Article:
Battling Showrooming? Develop a Mobile Strategy that Makes Sense for Your Brand

Showrooming_dude

Mobile has undoubtedly changed the way we live our lives.  It has altered the way we communicate, navigate through an unfamiliar town, and even the way we buy our movie theatre tickets.  There are over 1 Billion smartphones in circulation in the world today and that number is expected to double by 2015.  The convenience and ease of use of smartphones allows them to be enjoyed by everyone and not just the tech-savvy.  Even my dad, who still struggles with the “copy & paste” feature on his desktop computer, effortlessly sends me texts, emails, and videos.  This Technological evolution can also be considered a technological revolution for retailers as it has truly transformed the way customers interact with traditional brick and mortars.  Whether you are a big box retail chain or a budding entrepreneur selling luxury shoes on the corner, showrooming is a costly challenge facing most retailers in today’s tech-driven ecosystem.

“Showrooming” is the act of viewing a product in-store, only to later buy it online for a better price. Smartphones are often the “culprits” educating the in-store consumers about these bargains, costing physical retailers a nice chunk of their yearly sales.  A survey by Visa Canada shows more and more shoppers are looking online for better prices and deals.  Looking at back-to-school shopping alone, the survey shows that 79% of shoppers will be resorting to online options.  Another study by Deloitte revealed that 5% of US store sales in 2012 were victims of the showrooming effect.  5% may not sound like a lot, but it rings in a total of nearly $160 Billion in annual sales.  Speaking from personal experience, I can confidently say that I’ve contributed to the showrooming effect.  On my hunt for a new TV a couple of years ago, I’m pretty sure I left tread marks on the floor of a big box retail store after learning about a cheaper offering at a Ma and Pa retailer nearby.  Research has shown that over 60% of shoppers would leave a store and buy online for price just 20% lower.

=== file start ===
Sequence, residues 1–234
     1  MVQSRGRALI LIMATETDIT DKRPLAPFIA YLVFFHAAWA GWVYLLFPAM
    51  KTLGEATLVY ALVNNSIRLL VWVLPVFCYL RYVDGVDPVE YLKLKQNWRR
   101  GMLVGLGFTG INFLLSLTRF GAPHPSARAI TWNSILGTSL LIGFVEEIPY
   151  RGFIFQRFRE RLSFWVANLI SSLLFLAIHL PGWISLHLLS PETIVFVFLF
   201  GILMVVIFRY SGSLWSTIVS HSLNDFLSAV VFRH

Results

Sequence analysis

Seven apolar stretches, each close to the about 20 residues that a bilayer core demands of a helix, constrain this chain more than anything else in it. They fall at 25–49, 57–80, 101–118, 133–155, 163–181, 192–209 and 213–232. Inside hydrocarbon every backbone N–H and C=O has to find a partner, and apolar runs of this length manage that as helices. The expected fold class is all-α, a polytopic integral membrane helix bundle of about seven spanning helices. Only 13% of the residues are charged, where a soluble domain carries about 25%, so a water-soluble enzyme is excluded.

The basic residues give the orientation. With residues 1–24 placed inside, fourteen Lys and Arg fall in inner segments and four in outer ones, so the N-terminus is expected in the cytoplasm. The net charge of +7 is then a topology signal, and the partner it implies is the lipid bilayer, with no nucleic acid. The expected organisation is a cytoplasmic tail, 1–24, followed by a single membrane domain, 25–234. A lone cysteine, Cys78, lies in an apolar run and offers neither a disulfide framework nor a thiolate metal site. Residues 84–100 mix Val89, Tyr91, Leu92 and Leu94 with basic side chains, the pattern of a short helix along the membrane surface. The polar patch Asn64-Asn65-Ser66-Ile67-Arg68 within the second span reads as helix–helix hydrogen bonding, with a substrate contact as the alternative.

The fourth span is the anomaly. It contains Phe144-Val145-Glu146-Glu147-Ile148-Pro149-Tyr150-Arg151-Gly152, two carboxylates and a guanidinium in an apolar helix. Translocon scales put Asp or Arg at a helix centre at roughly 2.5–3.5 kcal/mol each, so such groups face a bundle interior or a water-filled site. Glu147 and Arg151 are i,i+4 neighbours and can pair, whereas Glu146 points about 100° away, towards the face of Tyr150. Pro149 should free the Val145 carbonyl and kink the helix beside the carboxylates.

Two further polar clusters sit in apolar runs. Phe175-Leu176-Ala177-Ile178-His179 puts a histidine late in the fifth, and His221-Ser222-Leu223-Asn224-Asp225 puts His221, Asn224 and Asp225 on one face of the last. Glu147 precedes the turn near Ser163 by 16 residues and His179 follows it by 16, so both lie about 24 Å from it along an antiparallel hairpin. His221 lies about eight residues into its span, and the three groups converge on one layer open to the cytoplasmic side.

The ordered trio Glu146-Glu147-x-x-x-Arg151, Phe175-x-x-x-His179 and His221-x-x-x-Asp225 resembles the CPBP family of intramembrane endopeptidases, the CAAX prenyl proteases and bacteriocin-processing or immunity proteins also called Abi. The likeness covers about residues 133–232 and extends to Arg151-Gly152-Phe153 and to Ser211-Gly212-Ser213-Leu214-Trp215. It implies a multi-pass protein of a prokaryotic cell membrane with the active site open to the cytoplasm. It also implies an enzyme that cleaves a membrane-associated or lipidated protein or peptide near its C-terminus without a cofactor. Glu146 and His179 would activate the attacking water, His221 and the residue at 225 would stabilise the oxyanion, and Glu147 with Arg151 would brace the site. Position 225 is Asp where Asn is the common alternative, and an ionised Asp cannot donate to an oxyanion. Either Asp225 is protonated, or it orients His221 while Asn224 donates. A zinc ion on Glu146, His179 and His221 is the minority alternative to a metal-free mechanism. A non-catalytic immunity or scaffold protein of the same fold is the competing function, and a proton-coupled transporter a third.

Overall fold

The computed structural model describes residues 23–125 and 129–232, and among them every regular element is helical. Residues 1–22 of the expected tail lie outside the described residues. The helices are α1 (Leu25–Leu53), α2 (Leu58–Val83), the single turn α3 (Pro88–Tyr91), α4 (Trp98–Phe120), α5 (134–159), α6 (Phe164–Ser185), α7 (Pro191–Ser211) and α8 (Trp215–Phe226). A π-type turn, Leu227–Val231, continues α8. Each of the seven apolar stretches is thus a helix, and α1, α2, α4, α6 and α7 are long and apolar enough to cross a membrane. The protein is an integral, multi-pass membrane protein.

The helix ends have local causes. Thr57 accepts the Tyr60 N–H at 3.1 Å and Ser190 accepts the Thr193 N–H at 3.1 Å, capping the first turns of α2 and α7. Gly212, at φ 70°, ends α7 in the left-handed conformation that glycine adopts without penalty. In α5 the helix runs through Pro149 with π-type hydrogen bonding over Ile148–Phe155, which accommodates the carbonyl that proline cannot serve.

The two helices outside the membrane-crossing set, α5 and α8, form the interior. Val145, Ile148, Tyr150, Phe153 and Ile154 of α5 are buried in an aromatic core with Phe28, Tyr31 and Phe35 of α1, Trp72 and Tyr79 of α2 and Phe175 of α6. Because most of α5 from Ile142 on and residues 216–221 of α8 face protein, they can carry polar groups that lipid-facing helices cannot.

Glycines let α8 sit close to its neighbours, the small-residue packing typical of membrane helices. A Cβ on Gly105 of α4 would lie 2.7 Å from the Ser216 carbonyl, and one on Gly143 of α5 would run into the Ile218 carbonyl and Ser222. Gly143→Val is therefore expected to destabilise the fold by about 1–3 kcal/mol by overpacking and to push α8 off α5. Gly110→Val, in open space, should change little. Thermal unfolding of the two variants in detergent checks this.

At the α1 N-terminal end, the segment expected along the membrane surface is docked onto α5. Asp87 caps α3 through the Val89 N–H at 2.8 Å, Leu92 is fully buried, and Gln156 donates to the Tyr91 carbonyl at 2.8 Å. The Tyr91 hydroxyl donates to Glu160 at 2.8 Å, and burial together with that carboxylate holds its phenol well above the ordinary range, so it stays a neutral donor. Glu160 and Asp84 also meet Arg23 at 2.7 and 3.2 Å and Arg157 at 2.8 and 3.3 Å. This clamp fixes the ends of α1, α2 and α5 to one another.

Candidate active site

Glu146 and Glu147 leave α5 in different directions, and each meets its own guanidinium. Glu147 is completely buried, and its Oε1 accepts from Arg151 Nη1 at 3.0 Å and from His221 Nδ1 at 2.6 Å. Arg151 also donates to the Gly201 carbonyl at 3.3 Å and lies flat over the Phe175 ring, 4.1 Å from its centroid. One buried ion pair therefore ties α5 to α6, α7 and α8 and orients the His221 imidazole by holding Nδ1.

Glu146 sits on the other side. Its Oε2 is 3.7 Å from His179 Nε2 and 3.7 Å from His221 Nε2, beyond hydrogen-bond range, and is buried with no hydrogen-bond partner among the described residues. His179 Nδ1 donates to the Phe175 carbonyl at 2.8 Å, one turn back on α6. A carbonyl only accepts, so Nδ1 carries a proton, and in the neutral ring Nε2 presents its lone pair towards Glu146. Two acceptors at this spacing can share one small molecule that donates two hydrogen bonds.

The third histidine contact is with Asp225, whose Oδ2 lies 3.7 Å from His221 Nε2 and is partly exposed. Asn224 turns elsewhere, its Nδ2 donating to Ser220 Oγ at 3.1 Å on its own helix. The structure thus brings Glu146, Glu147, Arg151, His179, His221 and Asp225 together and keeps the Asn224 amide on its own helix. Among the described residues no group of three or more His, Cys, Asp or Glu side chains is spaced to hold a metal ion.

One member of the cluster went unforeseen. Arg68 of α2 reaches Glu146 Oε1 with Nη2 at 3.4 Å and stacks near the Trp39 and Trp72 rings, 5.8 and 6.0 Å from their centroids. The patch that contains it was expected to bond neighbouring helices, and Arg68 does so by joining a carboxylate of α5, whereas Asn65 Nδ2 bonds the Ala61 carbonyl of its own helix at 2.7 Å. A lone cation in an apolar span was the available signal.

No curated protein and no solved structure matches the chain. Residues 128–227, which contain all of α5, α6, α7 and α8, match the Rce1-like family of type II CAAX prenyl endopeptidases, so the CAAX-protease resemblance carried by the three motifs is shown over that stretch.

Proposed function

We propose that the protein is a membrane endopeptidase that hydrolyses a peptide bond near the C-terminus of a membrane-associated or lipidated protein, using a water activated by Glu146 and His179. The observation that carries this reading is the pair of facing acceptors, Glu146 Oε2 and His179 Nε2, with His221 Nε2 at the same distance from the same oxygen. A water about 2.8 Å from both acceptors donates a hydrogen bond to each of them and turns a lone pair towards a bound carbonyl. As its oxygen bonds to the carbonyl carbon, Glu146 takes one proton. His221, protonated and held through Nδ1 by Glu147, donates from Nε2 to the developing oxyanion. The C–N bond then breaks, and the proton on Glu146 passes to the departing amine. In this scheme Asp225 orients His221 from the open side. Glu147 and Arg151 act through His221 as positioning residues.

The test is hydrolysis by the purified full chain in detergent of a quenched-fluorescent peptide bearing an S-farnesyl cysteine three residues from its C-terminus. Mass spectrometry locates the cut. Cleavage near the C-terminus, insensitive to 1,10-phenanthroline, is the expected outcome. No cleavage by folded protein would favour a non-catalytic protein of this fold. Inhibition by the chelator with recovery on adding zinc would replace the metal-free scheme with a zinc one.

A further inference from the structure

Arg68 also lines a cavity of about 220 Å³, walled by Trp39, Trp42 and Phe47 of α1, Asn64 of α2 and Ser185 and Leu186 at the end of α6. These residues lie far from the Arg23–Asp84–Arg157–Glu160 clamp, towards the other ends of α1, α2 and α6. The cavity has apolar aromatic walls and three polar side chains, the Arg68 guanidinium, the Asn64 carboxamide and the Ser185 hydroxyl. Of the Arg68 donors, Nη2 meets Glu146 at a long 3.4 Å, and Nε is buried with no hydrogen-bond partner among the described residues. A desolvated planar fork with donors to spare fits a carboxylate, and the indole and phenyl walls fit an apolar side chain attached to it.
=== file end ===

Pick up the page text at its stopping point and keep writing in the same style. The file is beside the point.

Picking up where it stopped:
Considering the ubiquity of smartphones and the problems that showrooming has created for the retail industry, it only makes sense for brands and retailers to consider adopting a mobile strategy.  A study found that nearly three quarters of shoppers wish retailers would embrace modern technology to enhance the in-store experience.  This says that retailers should not be afraid of mobile, but rather embrace this technology in their stores.  The most important thing to remember is that developing a mobile strategy is easier said than done.  More and more brands seem to be jumping into the mobile universe, only to burn bridges with some customers after creating a slow, buggy, mobile app riddled with untargeted ads.  After all, today’s consumers have high expectations for a brand’s mobile experience.  Now, this doesn’t mean that developing a mobile plan has to be difficult.  Like any marketing strategy, it should make sense for your brand and your customers.  Your mobile strategy should reflect your company’s core visions and values and should be something your target consumers will easily connect with.

Whether you’re using SMS coupons or QR codes that take your customer to a mobile optimized site, you should always be measuring the effectiveness of your mobile campaign to see how it can improve over time.  Also, never look at a metric that does not elicit a change.  For whatever you are measuring (age, gender, locations, likes, etc.), you must be gaining valuable insight from the data, otherwise it is useless and you are creating pie charts for no reason.  Focusing on customer experiencing and truly understanding your consumers will undoubtedly help battle the looming threat of showrooming.

Jimmy MacKinley

Jimmy MacKinley

Jimmy studied science at the University of New Brunswick, focusing on Psychology and Biology. After graduating in 2007, he spent over 2 years in the field of education, partly spent teaching at his former High School in Miramichi. Jimmy then ventured back to Fredericton to begin working in the technology sector. Right away, he developed a keen interest in online media, digital marketing, and communications. His time spent at Radian6 and Salesforce Marketing Cloud allowed him to grow his skills in customer communications, account management, and public speaking.

  • Jeff Cohen

    Great blog, hit the nail on the head.